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Jen Pollock Michel

( author + writer + speaker )

Eshet Chayil: Good news from Rachel Held Evans

There is much to say about Rachel Held Evans’s recently released book, The Year of Biblical Womanhood. So much, in fact, is already being said that I’m reticent to add more noise to that - spirited - conversation. (In full disclosure, I've pitched a piece to another blog that addresses some of the misguided assumptions of that conversation. Stay tuned.) But in case you’re not up on the debate and want to be, here are some fabulous reviews to read about Evans’s yearlong experiment at womanhood according to (what she calls) the standard of biblical literalism.

I may not agree with everything that these reviewers have said, but I think they present important points and represent some of the major dimensions of the debate.

New Testament Scholar Ben Witherington finds praise for The Year of Biblical Womanhood

Kathy Keller, at the Gospel Coalition blog, disputes Evans's approach

Rachel Held Evans responds to Kathy Keller

Matthew Anderson's even-handedly review at Mere Orthodoxy

Of course, what I suggest most vigorously is not that you read reviews but that you read the book. And why? Because if you're a Christian woman, you have a stake in the debate over Biblical womanhood. Evans doesn't say all there is to say; in fact, there is much she leaves out, and there are real problems with her approach and conclusion. But whether or not I agree or disagree with Evans, I concede that she figures importantly into this conversation.

And there are winsome and beautiful parts to what I would describe as an otherwise theologically troubled book. I find much on which I can agree with Evans. And most of all, I want to publicly thank her for assuaging the guilty Proverbs 31 conscience of many contemporary Christian women, under whose prescriptive weight we have flagged.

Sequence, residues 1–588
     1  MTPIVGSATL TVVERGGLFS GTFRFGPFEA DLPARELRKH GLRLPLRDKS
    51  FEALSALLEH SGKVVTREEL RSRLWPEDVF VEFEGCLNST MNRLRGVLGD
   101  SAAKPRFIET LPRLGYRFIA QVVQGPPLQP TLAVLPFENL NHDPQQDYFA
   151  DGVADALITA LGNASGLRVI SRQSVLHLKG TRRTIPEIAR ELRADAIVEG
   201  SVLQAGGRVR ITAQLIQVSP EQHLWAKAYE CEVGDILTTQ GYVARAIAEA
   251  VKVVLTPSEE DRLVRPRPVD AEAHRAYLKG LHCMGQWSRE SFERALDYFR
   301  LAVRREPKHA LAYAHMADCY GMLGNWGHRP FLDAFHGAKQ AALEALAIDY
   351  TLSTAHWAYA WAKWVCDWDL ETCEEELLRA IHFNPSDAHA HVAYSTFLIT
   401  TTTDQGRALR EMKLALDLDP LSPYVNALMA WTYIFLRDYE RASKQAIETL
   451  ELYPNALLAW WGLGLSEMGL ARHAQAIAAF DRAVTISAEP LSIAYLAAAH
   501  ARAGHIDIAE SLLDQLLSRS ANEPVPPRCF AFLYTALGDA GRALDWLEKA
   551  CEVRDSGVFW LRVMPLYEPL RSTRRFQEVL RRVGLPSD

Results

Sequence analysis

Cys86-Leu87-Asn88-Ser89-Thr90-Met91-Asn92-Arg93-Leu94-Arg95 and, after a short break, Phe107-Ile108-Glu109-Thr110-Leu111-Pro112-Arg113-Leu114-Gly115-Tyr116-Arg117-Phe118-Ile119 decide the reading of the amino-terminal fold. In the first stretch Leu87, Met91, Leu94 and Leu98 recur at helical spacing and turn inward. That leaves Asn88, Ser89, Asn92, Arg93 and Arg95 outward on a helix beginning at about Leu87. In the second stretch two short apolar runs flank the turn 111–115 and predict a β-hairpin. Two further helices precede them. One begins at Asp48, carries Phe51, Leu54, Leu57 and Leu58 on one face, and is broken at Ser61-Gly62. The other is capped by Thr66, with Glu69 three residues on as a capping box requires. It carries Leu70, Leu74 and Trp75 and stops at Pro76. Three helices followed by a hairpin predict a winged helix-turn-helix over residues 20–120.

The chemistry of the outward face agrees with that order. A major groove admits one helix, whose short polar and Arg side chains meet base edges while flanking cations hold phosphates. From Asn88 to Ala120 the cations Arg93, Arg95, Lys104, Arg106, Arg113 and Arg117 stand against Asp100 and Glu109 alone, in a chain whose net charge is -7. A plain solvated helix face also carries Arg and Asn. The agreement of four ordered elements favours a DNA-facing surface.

By exposing the myth that Proverbs 31 has meant to prescribe biblical womanhood, Evans reclaims its original intent: to praise women.

"Eshet chayil [woman of valour] is at its core a blessing - one that was never meant to be earned, but to be given, unconditionally. . . In Jewish culture, husbands commit each line of the poem to memory, so they can recite it to their wives at the Sabbath meal usually in a song.

I dig this interpretation - probably because I, like you, know my own failures intimately. I see weakness, rather than strength. I am attuned to my failures more than my successes. My inner voice chides and corrects, scolds like the finger-wagging mother that my mother never was but that I have become.

We need blessing, all of us, and this is fundamental to the gospel project. When God came to Abraham and preached the gospel, he said this: "I will bless you, and in you all the families of the earth shall be blessed."

Public blessing  - especially for the members of our very own families - is a great gift of love. It is an expression of the gospel of living water - it slakes our thirst for affirmation. We need to hear that more is true of us than failure and deficiency and falling short. We need grace.

Tomorrow, I'll continue a blog tradition and will bless a child who is celebrating his birthday.

"Mom, will you write on your blog about me tomorrow?" Nathan asked last night as he headed up to bed.

He must be looking forward to those words of blessing.

As would I.

Eshet chayil!